Inflation damages Central Bank’s reputation
The October inflation rate that was disclosed the other day not only demonstrated the move away from the target, but has also damaged the Central Bank’s reputation.
The Central Bank administration, with each passing day, is losing its credibility over the markets. Within the time span of one year, the Central Bank administration first said, “We will slow down the rate of increase in bank loans,” but could not achieve it. Later, it made ambitious statements such as, “The dollar will be 1.92 by the end of the year,” “We will decrease the foreign exchange rates without increasing interest rates by the end of the year,” and “The inflation rate will near the target by the end of the year.”
While issuing such ambitious statements in such a global conjuncture created an erosion of confidence, these words at the same time contradicted economic realities; the theoretical inconvenience of pulling down foreign exchange rates without increasing interest rates was obvious and it automatically became a debating topic.
It has to be said that with these statements the perception in the markets that “The Central Bank administration took decisions in line with what the government wanted” has risen even higher. The last time the interest rates went up, the economy management met at Prime Minister Recep Tayyip Erdoğan’s Dolmabahçe office at midnight and the next morning, the Central Bank President Erdem Başçı announced that the interest rates would go up. This has caused the reinforcement of the perception that “It is not the Central Bank, but rather it is the prime minister who takes monetary decisions.”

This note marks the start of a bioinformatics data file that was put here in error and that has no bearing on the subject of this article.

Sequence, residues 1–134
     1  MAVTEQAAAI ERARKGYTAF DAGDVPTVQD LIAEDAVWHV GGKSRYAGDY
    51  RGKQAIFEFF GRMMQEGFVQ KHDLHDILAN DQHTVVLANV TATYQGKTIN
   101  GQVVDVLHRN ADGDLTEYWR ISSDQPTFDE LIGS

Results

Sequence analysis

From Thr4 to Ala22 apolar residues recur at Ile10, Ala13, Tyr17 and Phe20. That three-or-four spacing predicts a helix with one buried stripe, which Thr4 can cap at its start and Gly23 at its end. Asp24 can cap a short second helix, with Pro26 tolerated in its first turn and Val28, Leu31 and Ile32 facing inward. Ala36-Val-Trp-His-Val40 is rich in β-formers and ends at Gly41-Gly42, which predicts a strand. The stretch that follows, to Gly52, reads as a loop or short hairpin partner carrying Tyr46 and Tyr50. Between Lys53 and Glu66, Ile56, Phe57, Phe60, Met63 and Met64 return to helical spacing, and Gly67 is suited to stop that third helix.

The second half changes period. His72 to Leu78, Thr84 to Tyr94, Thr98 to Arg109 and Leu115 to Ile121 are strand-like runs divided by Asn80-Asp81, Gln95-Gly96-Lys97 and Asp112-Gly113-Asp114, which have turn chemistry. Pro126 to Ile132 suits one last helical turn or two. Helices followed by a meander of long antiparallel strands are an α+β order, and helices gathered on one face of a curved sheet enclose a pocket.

We observed that after this incident, the uneasiness of foreign players especially increased and that this perception was significant in the exit that was experienced in that period.
The October inflation rate disclosed the other day has become another factor in damaging the reputation of the Central Bank. The Central Bank administration, by saying, “the inflation target will be neared later,” therefore changed the inflation rate target and estimations three or four times within the year.
Lastly, the past week’s Inflation Report, issued by the Central Bank within the scope of the government’s Medium Term Program, increased its end-of-year inflation estimate from 6.2 to 6.8 percent. It has been only four days since then and the October inflation rate revealed that even meeting this target has also become impossible.
Fixation on interest rate
The fact is that the fundamental duty of the Central Bank is to protect the value of the national currency, in other words to fight inflation, has not changed. During the global crisis, even though this target was relaxed under the name of “financial stability” by every Central Bank of every country, Central Banks prioritized mainlining price stability.
However, in Turkey, in the recent period, it is obvious this target has been moving away. It has become apparent that a political target such as “stealthily increasing the interest rates” under the name of “interest rate corridor” has become prominent, but this practice has increased the uncertainty in the markets and weakened the fight against inflation. It was forgotten that this was a practice implemented just to gain time and it became permanent upon the government’s demand. Well, the criticisms on our monetary policy coming from international establishments such as the IMF and the EU have focused on this aspect in the last period.
The government has an “interest rate fixation” and this has been reflected in the Central Bank. In the past, this country has often experienced the negativities created by the “fixation on interest rate.”